Proving the Business Case for the Internet of Things

LoRa battles Sigfox at Embedded World

Steve Rogerson
March 6, 2019

The battle between LoRa and Sigfox for LPWAN adoption reached the conference floor of last week’s Embedded World in Nuremberg with David Armour, marketing manager for Semtech’s LoRa product group, and Aurelius Wosylus from Sigfox, both pushing their standards.
Armour (pictured below) was bullish, saying that LoRa had become “the de-facto standard for LPWANs”.

He said it was not just the technology but how it worked over really long range and could last for years on a battery.
“The sweet spot for us is really low power,” he said. “It will last for more than ten years on a battery that will fit in a water meter. It can have a 20 to 30km range, or 2 to 3km in a built-up area. You can penetrate really deep into buildings as well.”
He said that he did not really view cellular technology such as NB-IoT as a competitor.
“Cellular is good for higher data rates and you need a lot of power for that,” he said. “The energy consumption for cellular can be a hundred times more than us for sending the same data. Then you have wifi and Bluetooth that are fantastic for some networks but not really appropriate for what we do. Sigfox is in the same space as us but with a different business model.”
He said with Sigfox, people had to buy a gateway and a subscription and that a lot of the planet did not have coverage.
Wosylus (pictured below) countered by saying that Sigfox had a global network and was in sixty countries, with six million registered devices and over 500 units had been certified for use with Sigfox.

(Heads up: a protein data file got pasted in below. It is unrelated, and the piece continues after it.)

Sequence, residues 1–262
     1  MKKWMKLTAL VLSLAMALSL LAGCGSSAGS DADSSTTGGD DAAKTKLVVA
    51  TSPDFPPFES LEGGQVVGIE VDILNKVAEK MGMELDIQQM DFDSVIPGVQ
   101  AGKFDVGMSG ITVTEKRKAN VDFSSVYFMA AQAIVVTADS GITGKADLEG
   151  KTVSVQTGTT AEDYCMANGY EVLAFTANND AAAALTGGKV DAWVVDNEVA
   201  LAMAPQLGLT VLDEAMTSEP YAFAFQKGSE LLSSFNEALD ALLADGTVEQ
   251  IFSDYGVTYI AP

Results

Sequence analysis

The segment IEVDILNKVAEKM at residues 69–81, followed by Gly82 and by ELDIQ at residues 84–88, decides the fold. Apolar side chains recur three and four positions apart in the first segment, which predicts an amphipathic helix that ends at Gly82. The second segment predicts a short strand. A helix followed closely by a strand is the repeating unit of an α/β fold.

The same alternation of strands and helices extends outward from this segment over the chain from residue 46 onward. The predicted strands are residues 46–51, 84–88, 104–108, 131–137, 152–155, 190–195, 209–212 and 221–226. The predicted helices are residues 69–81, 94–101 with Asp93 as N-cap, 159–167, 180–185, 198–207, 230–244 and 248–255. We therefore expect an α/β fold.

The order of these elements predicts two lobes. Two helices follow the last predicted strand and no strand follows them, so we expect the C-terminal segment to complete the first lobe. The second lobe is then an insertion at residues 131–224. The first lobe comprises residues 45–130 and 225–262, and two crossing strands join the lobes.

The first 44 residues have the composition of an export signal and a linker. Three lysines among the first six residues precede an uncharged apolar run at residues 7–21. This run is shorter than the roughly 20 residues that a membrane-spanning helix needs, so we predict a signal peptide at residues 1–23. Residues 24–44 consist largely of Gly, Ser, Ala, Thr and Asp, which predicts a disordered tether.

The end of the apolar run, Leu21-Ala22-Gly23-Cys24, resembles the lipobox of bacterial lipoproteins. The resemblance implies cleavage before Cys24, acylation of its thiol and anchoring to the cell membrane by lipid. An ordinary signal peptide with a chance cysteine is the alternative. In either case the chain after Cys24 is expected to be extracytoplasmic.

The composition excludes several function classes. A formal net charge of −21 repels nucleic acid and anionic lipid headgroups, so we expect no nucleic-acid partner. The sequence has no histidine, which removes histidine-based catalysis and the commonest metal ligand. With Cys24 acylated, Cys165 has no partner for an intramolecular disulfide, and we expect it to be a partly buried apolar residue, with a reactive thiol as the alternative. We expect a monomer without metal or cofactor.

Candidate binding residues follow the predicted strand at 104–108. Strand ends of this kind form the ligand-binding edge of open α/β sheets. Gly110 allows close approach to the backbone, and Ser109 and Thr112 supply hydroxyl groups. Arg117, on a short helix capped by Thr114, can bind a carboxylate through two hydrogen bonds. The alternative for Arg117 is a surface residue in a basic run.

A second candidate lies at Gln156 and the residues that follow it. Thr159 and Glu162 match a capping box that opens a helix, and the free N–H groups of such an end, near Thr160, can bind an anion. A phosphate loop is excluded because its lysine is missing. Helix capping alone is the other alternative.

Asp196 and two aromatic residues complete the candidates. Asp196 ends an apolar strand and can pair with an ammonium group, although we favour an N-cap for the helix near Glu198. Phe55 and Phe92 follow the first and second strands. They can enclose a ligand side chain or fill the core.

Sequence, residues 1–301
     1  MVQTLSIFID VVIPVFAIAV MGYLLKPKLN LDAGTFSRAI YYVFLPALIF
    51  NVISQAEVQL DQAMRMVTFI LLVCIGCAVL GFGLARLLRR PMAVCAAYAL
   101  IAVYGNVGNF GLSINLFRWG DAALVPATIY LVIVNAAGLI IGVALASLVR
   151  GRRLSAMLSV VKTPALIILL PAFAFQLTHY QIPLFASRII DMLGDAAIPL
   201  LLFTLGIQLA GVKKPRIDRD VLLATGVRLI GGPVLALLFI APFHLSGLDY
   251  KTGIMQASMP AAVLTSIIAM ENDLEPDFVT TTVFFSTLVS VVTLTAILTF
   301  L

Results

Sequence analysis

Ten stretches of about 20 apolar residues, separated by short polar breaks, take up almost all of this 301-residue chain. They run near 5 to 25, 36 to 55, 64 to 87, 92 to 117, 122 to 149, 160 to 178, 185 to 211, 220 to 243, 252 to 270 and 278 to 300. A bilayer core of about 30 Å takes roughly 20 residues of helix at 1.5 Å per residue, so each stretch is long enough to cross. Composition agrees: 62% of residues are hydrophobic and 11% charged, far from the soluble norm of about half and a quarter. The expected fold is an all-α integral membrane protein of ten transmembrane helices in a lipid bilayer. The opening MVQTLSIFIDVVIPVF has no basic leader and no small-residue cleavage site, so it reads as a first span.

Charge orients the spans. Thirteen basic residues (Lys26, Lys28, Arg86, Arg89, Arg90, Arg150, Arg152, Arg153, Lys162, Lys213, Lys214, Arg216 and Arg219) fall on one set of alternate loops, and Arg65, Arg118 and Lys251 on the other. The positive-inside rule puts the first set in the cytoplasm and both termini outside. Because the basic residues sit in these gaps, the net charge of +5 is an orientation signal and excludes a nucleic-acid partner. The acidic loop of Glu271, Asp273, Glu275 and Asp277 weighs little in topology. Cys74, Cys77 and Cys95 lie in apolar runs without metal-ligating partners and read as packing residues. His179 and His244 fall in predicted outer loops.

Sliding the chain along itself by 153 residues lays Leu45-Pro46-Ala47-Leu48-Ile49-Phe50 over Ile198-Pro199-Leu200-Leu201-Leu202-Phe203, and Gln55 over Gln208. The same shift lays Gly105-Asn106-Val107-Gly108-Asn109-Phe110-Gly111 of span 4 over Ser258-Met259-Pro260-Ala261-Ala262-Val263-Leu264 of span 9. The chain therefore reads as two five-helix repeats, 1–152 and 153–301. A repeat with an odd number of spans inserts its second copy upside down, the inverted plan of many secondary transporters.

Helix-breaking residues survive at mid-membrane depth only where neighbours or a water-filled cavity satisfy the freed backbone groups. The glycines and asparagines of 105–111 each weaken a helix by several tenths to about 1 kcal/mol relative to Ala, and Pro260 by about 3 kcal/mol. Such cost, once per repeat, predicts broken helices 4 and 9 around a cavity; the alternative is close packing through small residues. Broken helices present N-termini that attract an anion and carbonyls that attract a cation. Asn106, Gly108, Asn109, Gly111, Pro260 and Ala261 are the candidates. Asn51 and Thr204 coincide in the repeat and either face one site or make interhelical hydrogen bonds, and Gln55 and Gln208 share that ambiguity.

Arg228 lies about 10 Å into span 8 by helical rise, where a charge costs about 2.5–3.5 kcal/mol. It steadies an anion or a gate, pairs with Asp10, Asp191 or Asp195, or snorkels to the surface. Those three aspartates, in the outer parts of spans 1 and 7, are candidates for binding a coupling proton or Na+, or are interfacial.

“We cover five million square kilometres,” he said. “There are about a billion people in the coverage area.”
He said that the goal was to bring the module cost down from €2 to twenty cents or less.
“We want to get down to twenty cents or even lower because we can get much higher volumes,” he said. “When you get to a much larger market, you can push the cost down. It will take a while to get to two cents – that is too far out yet – but twenty cents is reasonable.”
Low module costs mean the devices can be used in logistics applications such as detecting when the seal of a package has been broken and sending an alert of when and where.
Such devices do not need to receive information, only send one short burst, this means the power consumption is low as it is a on-time-send device. That is why Wosylus believes the below twenty cents cost target can be met.
“There is still a way to go to get down to twenty cents,” he said. “It is not easy. It is a challenge, but we will get there. We are maybe a year, maybe more, away.”
Talking about the benefits of Sigfox, he said: “There is no investment needed in the network because we do it. No SIM card is needed. The subscription cost is €1 to €8 a year per device worldwide. There is no roaming cost because it is always one network. A lot of companies underestimate the problems of managing antennas. This is all done by us.”
He stressed that Sigfox was one global network.
“With LoRa, you have several small networks,” he said. “If you move a device from one network to another, how do you get the message? As to NB-IoT, that will transmit more data but has more power consumption.”